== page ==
Instead, he squeezed his eyes shut. Ignoring the damned bond between him and Avery didn’t make him a coward. It made him smart. What wolf in their right mind wanted to be tied forever to a mate who didn’t want them? Dylan’s mother’s smiling face flashed behind his eyelids, a strained smile that didn’t quite reach her eyes. Not many of them did.
He rubbed a fist over the pain in his chest.
Lucas’s low chuckle brought Dylan back to the present. When he looked up, Lucas was leaning against the pool table, smirking back. Dylan narrowed his eyes.
He could have kicked himself for telling Lucas about his first time meeting Avery at Jaden’s twenty-first birthday and Avery’s haughty words—“Mechanic? As in blue collar? Do you really think I’d waste my time with a low-class loser?”—but there had been alcohol involved. A lot of it. Avery’s words back then had angered him more than they had hurt. The best thing those words had done, though, was reiterate every reason Dylan didn’t need nor want a mate.
The teasing glint in Lucas’s eye gave way to sadness, not pity or apathy. His friend was more understanding than judgmental. Fuck knew what it was like for a wolf who actually wanted to be tied down. Dylan shook his head against the voice—which sounded an awful lot like his best friend—that whispered it was exactly what he wanted too. He had already been forced to sit through Lucas’s lecture on the gift of mating and how Dylan should be thankful for what he’d been given. They’d agreed to disagree.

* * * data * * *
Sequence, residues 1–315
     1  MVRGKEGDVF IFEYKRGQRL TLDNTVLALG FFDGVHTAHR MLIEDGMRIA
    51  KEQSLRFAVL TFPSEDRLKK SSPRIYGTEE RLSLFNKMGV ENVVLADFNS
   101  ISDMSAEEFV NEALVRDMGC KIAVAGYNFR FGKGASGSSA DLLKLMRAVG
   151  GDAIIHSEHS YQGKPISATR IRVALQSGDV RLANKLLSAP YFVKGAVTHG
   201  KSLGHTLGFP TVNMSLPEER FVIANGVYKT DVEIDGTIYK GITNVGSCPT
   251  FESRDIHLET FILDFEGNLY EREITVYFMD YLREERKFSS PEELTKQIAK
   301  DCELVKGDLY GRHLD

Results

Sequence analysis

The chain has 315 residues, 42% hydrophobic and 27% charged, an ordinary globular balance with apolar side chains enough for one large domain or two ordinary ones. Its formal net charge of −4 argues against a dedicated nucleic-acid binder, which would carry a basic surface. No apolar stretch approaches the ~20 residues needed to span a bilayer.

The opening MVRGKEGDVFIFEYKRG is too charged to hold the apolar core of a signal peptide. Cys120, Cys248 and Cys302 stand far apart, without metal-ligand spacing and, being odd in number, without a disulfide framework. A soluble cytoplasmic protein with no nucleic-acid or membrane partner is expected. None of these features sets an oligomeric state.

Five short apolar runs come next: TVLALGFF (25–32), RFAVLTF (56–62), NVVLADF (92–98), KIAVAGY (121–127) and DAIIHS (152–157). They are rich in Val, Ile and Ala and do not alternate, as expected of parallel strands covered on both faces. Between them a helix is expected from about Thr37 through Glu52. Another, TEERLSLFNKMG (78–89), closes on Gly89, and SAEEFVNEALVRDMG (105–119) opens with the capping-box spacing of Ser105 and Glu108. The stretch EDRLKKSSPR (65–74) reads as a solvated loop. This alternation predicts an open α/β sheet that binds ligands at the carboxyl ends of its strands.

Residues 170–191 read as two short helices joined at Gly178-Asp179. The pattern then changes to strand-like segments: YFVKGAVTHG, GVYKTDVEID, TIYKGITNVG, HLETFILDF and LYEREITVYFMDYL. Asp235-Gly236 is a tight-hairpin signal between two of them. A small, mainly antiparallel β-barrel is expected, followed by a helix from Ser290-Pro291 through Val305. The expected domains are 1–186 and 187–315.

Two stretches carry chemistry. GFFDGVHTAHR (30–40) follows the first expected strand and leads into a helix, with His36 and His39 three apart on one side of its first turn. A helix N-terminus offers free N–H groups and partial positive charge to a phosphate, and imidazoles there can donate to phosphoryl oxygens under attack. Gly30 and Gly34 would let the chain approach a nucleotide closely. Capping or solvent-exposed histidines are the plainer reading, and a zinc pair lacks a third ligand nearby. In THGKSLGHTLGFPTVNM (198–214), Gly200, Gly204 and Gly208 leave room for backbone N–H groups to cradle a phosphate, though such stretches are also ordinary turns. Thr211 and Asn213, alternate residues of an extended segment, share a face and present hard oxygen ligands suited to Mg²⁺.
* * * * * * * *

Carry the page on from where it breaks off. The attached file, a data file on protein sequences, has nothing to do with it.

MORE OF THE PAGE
Lucas tossed his cue to Kirk and wandered over to Dylan’s table. “Just so you know, Derick had your boy’s back with Glenn.”
Dylan rolled his eyes. Why not dive bomb the giant pink elephant in the room?
“He’s not my boy.”
“Whatever. You know what I mean.”
Yeah, Dylan did. Didn’t mean he liked it. Then the rest of Lucas’s revelation registered. Dylan bristled. Another wolf shouldn’t be watching out for Avery. Not that Dylan was standing in line for the job. He sighed. “Did Avery start it? Did he cause any trouble?” He wouldn’t put it past the prickly brat.
“Dunno. Don’t think so. Glenn was being his charming dickhead self.” Lucas gave a snort-chuckle, and Dylan shook his head. For a man of such model perfection, he was a dork sometimes. “Good thing you have pack betas to look out for the little guy, huh?”
“Yeah, good thing,” Dylan grunted.
“You could go talk to him, you know?”
“Not a good idea.” Dylan took a drink from the beer he’d ordered from a passing waitress. He didn’t need to ask whom Lucas was talking about. He’d been trying to get Dylan to talk to Avery for two years. It hadn’t worked yet.
“You’ve got to stop doing this to yourself, D.”
Dylan really didn’t want to have this conversation. “Not now.”
Lucas pursed his lips, then glanced at the table where Kirk hovered over Chance, their bodies pressed flush as Kirk demonstrated a shooting position. A soft growl caught Dylan off guard, and he turned to find Sawyer staring at the pair, the strangest expression on his face—puzzled, like he was trying to sort something out, but angry too. Dylan might have to keep an eye on that.